The Pacific Challenge

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On Sedna in Antigua after rowing the Atlantic Photo: Rita Savage

Two Brits prepare for two major solo challenges

With Adrian Flanagan back in Nome Alaska preparing for the final leg of his vertical circumnavigation, Roz Savage is preparing for her thre stage attempt to row across the Pacific. It looks like they will be setting off on their respective challenges at almost the same time.

Roz says:

Rowing the Atlantic was, without a doubt, the hardest thing I had ever done. I’d wanted to get out of my comfort zone, and that, by definition, is an uncomfortable place to be. Physically, it was tough, but psychologically it was even tougher. The ocean is scary and it’s daunting and most of the time I wanted to give up.

So why row the Pacific? Three reasons.

1. I learned a lot on the Atlantic about how NOT to row an ocean. I succeeded, but psychologically I gave myself a much tougher time than I needed to. I think I’ve learned the lessons, and I want to put them to the test.

2. Since before the Atlantic row, I had intended to row the Pacific. My long-term plan is to make a 7-year journey around the world on its surface using environmentally-friendly transport, to get a feel for the true size of the planet in a way that you can’t from an aeroplane. No matter how much I struggled on the Atlantic, it was never bad enough to make me give up my dream.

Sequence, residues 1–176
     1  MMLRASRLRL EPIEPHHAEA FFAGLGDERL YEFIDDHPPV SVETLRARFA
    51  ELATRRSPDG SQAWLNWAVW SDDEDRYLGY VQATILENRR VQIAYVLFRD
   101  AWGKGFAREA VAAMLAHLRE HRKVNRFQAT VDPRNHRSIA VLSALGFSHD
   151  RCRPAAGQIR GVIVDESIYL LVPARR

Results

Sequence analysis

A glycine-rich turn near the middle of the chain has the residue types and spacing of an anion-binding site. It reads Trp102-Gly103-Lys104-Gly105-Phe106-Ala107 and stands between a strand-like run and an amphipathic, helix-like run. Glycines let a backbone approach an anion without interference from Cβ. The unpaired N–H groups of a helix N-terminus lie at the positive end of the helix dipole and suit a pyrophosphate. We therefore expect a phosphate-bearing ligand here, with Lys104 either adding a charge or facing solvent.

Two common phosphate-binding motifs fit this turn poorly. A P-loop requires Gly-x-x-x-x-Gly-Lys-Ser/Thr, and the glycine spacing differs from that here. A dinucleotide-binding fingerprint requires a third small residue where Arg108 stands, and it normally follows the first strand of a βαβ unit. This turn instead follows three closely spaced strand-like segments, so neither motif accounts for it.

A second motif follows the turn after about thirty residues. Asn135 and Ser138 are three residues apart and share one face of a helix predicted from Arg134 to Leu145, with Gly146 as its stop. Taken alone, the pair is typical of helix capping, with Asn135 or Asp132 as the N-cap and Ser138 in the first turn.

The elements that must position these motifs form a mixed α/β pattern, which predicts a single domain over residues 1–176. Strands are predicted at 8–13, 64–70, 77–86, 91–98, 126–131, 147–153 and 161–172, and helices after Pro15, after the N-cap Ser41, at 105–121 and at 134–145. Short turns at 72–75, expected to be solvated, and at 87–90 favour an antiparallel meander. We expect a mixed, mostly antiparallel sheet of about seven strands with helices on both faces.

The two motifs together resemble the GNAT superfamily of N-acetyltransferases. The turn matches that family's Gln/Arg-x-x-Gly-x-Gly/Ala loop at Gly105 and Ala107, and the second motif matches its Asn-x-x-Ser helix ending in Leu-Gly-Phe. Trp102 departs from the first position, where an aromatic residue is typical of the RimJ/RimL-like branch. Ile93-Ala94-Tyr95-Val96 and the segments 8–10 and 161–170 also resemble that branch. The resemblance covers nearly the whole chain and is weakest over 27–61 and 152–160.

3. I believe that if you don’t keep pushing the boundaries, keep expanding your comfort zone, your comfort zone actually gets smaller and smaller, until you’re shrink-wrapped in such a tiny comfort zone that you can’t move, you can’t achieve anything, you can’t grow. And so I keep pushing, keep developing, keep evolving. I keep showing what an ordinary person can do when they put their hearts and minds and souls into it.

The timetable is:

A 3-stage challenge, due to launch in July 2007:
Stage 1 (2007): San Francisco to Hawaii (2324 statute miles, course 247 degrees)
Stage 2 (2008): Hawaii to Tuvalu (2620 statute miles, course 224 degrees)
Stage 3 (2009): Tuvalu to Australia (2324 statute miles, course 252 degrees)

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Russian government assists British yachtsman in bid to make sailing history

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British yachtsman Adrian Flanagan, 46 is ready to make sailing history. During July and August he will attempt to sail the first ever single-handed transit along Russia’s Northern Sea Route.

Flanagan set out on the Alpha Global Expedition, his quest to sail the first single-handed ‘vertical’ circumnavigation of the globe, on 28th October 2005. He has so far covered 26,000 miles going west around Cape Horn to Nome, Alaska where his boat has spent the Arctic winter.

Sir Robin Knox-Johnston, who achieved the first single-handed, non-stop circumnavigation in 1969, has described Flanagan’s Alpha Global Expedition as, ‘A serious challenge’.

Expedition Manager and Flanagan’s ex-wife, Louise says, ‘The Alpha Global Expedition Arctic Phase is the greatest challenge of the voyage. The Russian Government has shown vision and imagination in granting Adrian unprecedented access to their territorial waters’.